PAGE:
Madanmohan Rao then talked about the "Wireless Ecosystem". He argued that nations need to ensure that they cultivate the mobile industry. He categorized countries into categories, such as restrictive (Myanmar), to Negotiating (China), to "Mature" (Australia) and "Advanced" (Japan and Korea).

Encik Badlisham Ghazali , CEO of the Malaysian government's Multimedia Development Corporation (MDeC, previously MDC) gave his formal talk (he must be having a busy day at the conferences). He said that the government aimed to move from 15% to 50% broadband penetration by 2010. He pointed out that mobile devices had a role to play. He also said that this opens up a new area for reaching out to the population, for political as well as commercial use.

I was not previously familiar with the MobileMonday organization. Normally, the name would be enough to put me off looking further, but in this case they seem to be an interesting blend of mobile business people and some researchers. There is a Sydney Chapter.

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Saturday, May 17, 2008

World Congress on Information Technology 2008

The World Congress on Information Technology (WCIT 2008) starts here in Kuala Lumpur at the Convention Centre on May 18 to 22, 2008. This is being held at the Kuala Lumpur Convention Centre , which I can see out of my hotel window, near the Petronas Twin Towers. Along with the congress, there is the MobileMonday Global Summit, the United Nations Global Alliance for ICT and Development (UN GAID), and the IKOM Software and Services Showcase 2008 (PSĀ³ 2008) computer exhibition and the PC Fair International 2008.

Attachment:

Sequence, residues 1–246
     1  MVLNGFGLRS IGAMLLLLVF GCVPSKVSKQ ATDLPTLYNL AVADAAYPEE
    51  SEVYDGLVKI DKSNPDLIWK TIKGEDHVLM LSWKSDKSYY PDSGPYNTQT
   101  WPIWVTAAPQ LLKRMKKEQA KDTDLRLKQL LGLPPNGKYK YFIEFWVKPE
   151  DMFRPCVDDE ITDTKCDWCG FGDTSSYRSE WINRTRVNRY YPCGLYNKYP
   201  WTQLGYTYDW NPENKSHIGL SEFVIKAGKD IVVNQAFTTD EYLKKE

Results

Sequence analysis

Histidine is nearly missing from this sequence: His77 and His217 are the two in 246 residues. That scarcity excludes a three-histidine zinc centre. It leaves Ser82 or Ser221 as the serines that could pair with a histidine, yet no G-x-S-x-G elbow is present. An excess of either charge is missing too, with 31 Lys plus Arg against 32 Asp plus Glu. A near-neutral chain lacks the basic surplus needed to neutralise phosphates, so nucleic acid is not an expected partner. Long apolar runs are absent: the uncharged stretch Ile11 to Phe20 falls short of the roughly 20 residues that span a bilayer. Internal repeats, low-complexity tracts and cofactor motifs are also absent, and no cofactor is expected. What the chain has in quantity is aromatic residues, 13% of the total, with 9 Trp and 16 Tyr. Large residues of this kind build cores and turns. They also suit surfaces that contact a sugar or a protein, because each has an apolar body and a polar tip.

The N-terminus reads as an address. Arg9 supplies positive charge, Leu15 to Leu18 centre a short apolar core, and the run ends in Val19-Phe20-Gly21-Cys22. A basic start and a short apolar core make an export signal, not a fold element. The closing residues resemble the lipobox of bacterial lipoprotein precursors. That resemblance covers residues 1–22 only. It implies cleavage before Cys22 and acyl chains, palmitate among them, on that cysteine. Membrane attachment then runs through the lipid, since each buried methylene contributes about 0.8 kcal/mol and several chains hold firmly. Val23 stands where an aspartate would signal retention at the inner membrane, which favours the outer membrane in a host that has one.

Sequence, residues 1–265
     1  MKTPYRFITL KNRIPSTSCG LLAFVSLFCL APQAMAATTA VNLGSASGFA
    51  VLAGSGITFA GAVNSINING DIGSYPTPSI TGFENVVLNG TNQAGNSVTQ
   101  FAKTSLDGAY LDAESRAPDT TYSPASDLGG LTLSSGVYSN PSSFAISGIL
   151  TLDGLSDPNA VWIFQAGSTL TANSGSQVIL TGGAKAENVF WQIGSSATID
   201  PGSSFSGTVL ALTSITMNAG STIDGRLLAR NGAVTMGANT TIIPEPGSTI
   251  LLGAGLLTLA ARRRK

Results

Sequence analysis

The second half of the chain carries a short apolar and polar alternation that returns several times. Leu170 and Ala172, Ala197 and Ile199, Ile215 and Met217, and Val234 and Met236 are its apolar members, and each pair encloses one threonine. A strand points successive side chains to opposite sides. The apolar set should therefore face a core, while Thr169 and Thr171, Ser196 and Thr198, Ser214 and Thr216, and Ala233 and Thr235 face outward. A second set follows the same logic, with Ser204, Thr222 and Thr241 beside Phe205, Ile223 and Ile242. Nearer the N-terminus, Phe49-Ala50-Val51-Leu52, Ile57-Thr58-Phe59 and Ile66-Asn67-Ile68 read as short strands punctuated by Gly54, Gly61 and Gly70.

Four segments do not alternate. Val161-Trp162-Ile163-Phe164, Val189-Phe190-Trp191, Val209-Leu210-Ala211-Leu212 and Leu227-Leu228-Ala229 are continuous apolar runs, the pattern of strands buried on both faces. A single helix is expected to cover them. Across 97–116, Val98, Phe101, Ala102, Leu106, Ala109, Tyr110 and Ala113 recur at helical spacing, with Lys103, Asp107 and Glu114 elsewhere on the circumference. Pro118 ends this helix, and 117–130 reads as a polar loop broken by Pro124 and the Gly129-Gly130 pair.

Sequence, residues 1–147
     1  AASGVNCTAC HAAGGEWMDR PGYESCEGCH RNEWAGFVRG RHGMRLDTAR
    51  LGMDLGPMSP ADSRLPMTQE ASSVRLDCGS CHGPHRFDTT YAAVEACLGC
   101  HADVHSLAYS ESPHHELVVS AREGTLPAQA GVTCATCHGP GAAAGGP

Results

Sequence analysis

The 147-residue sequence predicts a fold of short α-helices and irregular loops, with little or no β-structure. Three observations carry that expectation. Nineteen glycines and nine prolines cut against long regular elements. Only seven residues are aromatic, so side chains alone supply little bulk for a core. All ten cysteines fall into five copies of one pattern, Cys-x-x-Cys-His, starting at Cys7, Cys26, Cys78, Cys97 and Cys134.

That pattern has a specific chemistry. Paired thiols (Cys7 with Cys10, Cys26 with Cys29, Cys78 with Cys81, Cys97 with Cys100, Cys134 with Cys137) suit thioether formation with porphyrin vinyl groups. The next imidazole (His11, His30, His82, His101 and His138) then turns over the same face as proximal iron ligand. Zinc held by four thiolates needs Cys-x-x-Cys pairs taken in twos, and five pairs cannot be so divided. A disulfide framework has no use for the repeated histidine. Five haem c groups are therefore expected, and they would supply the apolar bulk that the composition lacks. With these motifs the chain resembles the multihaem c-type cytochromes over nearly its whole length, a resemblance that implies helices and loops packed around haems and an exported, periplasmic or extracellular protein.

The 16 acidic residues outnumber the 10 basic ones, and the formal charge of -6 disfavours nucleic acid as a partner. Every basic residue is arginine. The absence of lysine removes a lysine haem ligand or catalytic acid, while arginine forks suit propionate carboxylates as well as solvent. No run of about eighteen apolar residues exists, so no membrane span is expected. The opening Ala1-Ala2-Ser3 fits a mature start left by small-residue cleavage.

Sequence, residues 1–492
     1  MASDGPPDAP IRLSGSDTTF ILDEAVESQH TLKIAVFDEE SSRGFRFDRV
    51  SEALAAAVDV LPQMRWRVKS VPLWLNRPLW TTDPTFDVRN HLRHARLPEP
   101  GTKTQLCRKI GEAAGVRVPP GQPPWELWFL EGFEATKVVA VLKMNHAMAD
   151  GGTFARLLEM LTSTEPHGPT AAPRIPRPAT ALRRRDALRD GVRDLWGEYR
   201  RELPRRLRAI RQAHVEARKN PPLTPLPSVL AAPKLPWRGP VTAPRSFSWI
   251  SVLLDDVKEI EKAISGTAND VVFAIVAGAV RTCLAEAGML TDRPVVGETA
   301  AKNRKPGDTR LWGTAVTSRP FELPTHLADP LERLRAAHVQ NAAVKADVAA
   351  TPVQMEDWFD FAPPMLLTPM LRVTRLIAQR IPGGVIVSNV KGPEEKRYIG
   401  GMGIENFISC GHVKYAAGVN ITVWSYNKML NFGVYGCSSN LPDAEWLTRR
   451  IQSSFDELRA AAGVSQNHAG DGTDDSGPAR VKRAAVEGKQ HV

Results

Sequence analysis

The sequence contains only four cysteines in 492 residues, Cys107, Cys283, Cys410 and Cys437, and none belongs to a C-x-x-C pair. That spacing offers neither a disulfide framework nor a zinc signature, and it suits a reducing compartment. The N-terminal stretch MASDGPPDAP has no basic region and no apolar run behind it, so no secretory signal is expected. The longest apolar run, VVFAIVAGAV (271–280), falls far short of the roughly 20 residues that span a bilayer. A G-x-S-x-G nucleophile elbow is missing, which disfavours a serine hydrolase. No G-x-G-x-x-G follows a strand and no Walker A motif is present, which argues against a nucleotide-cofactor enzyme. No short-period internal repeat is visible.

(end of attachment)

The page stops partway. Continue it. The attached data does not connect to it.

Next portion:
The PC fair is free and opens10 am Sunday so I thought I would go along. The other events sound a little daunting. I have met Vinton Cerf, when I talked at the 11th Annual Internet Society Conference but have not met Mr. Gates (he is appearing as a hologram). But if someone involved in the event would like me to come along and blog, I would be happy to do so.
There is a three-day congress, a Link Program for business matching that includes a series of structured business-to-business (B2B), business-to-government (B2G) and business-to-industry (B2I) meetings, an ICT exhibition, a debate on current ICT issues and ancillary activities like tours, golf tournament, F1 experience and a spouse program.

WCIT 2008 is jointly organized by the Multimedia Development Corporation (MDeC) and the Association of the Computer and Multimedia Industry of Malaysia (PIKOM), with the support of the Ministry of Science, Technology and Innovation Malaysia.

WCIT is the flagship event of the World Information Technology and Services Alliance (WITSA), a consortium of 73 international ICT organizations whose members comprise more than 90% of the global IT market.

WCIT 2008 is tipped to be the starting point of many successful collaborations between nations and organizations, made possible only by a congress of such significance.